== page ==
Will Oremus+ Your Authors @WillOremus oh-REE-mus. Senior writer for OneZero at @medium: onezero.medium.com/ Previously: @slate. I write about how tech shapes us. DM for Signal. Jun. 11, 2019 1 min read + Your Authors

I wrote about the one content moderation rule that tech platforms follow with absolute consistency: If a decision becomes too controversial, change it.  https://onezero.medium.com/the-one-rule-of-content-moderation-that-every-platform-follows-ab6323e0e293 

It's tempting to think that the inconsistency itself is the problem. Certainly it gives fodder to conservatives to accuse the platforms of caving to "mob rule." But the inconsistency is a symptom of a deeper issue: The rules weren't well thought-out in the first place.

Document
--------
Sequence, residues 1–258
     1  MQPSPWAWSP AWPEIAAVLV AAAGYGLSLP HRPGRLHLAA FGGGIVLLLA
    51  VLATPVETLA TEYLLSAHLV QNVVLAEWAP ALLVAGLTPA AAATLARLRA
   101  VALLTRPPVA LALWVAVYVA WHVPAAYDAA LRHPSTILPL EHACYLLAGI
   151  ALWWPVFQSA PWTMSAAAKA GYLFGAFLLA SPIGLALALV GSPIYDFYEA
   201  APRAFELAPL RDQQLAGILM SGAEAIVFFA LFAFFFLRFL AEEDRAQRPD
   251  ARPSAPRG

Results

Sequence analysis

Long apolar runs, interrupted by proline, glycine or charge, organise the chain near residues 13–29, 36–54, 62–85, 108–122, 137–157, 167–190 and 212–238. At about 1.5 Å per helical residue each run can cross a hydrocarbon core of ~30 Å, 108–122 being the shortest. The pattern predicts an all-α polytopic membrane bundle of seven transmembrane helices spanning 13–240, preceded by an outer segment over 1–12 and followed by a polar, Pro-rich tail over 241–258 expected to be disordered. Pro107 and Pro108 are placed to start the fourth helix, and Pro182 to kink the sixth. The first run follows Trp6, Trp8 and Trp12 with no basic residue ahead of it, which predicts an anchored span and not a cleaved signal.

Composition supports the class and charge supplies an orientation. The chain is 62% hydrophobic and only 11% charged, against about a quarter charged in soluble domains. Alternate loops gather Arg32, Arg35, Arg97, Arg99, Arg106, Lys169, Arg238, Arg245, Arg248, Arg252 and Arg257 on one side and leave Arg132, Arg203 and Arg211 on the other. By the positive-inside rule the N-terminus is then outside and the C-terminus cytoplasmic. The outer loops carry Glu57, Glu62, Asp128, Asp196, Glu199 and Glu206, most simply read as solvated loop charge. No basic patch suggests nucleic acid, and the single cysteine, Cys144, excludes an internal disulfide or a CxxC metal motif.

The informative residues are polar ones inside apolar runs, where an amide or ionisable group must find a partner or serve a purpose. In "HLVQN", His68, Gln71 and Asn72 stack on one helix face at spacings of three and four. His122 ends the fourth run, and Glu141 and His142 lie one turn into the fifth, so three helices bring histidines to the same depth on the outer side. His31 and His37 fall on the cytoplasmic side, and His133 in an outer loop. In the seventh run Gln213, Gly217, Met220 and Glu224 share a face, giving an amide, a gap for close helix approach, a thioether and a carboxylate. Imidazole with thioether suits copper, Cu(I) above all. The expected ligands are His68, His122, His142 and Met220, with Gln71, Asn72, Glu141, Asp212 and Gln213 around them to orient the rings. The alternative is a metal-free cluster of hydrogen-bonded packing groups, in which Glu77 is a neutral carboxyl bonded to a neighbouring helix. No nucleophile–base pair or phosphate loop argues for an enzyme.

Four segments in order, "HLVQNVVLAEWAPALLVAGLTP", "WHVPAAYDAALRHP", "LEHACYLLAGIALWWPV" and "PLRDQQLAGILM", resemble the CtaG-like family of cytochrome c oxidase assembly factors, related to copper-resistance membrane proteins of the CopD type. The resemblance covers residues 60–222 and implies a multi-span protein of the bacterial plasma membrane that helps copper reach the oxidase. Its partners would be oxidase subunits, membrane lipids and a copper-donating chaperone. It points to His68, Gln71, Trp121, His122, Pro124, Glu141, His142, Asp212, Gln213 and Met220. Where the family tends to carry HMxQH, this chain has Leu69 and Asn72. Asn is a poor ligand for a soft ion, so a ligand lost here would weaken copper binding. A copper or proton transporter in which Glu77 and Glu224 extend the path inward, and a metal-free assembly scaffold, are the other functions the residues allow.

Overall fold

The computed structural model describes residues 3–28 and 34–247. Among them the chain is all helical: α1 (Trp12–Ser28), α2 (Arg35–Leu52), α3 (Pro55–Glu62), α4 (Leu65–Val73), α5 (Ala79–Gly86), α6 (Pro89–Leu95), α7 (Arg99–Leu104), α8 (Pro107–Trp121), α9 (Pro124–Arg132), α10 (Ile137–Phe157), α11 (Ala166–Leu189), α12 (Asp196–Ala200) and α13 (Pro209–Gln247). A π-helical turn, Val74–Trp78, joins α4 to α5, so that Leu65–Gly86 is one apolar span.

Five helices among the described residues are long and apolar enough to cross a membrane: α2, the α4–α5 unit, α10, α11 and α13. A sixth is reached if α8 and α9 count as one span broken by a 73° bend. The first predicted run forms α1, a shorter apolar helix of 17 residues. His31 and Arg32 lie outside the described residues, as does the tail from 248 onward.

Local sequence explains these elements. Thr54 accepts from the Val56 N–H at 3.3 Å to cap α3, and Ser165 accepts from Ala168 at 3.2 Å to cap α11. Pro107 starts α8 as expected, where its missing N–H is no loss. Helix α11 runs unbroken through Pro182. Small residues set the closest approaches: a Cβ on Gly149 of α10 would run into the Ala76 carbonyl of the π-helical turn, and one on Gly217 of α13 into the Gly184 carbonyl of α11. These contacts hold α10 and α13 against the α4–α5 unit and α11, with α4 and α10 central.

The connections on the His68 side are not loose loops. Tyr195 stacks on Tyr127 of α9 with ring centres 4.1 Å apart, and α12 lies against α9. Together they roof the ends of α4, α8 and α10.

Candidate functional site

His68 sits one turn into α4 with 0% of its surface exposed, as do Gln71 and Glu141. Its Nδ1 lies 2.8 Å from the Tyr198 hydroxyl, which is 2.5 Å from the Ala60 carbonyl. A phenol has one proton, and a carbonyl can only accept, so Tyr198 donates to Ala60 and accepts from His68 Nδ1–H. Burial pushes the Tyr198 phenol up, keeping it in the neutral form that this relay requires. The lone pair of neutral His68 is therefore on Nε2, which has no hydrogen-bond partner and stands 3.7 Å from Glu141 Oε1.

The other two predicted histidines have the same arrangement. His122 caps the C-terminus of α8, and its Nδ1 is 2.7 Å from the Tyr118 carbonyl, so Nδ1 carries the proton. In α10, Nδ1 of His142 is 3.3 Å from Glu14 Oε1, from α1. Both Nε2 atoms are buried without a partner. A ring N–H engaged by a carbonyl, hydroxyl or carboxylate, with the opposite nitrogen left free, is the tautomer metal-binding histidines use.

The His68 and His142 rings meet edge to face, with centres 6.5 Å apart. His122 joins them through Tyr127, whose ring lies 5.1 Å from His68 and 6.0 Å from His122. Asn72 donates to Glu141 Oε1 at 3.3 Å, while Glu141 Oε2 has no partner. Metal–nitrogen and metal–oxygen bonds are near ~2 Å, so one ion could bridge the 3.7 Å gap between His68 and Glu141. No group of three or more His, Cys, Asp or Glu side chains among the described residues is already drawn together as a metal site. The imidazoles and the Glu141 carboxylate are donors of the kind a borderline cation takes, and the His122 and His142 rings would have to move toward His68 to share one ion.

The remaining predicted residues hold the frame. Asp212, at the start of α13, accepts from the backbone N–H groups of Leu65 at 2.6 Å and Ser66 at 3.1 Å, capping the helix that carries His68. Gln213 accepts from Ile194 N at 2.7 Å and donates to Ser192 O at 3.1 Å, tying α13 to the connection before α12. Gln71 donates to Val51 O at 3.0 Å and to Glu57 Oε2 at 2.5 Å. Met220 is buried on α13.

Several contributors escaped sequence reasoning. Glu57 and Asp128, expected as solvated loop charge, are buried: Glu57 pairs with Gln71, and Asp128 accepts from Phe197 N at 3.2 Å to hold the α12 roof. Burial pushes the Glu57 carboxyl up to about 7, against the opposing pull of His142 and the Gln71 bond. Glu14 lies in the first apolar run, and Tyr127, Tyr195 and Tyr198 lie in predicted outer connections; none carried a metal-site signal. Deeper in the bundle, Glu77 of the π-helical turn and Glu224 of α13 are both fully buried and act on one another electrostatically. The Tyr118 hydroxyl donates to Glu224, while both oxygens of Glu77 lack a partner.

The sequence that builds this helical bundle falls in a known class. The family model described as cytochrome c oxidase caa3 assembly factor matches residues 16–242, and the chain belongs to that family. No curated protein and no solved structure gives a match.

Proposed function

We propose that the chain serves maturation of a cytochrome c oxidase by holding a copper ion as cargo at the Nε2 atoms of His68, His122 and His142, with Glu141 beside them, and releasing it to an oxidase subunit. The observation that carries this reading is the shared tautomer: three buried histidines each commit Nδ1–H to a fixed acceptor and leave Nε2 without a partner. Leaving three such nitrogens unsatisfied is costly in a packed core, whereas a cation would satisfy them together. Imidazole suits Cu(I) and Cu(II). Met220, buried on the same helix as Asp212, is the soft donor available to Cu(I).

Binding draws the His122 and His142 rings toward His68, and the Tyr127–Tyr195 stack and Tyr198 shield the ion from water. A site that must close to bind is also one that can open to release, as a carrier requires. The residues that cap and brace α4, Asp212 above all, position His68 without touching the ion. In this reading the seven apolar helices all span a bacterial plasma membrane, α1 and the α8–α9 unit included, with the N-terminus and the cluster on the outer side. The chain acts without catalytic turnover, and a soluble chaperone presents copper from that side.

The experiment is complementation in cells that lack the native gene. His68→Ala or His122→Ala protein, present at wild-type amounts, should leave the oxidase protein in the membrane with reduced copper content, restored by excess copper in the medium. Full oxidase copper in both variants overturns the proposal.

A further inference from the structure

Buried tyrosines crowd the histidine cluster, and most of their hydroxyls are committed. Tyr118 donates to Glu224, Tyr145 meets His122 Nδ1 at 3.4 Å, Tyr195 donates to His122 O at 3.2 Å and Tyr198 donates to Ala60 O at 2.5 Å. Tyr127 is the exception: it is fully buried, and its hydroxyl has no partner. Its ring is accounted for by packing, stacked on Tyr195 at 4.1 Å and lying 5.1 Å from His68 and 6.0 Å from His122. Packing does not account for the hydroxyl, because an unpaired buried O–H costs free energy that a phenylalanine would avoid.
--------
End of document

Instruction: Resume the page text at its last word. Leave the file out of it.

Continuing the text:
I talked with two experts who have been studying online speech moderation from different angles: @davidakaye & @jmgrygiel. Both agreed tech platforms are failing us, and offered interesting (and slightly different) solutions.  https://onezero.medium.com/the-one-rule-of-content-moderation-that-every-platform-follows-ab6323e0e293 

I like @davidakaye's idea that what's missing from corporate regulation of online speech is an equivalent of "case law." Even when companies *are* applying their rules consistently, we can't tell, because the process and precedents they're relying on are totally opaque.

I found @jmgrygiel's lens maybe even more compelling. They argue that companies like FB, Google, and Twitter changing their stances in the face of a backlash is not a sign that the system is broken, but actually a crucial component of the feedback loop.

The last tweet in this tweetstorm (I promise, maybe) is that I really wanted to put "Calvinball" in the headline but @bryanrwalsh & @dlberes said no because they are wise and also mean but mostly wise.

You can follow @WillOremus.


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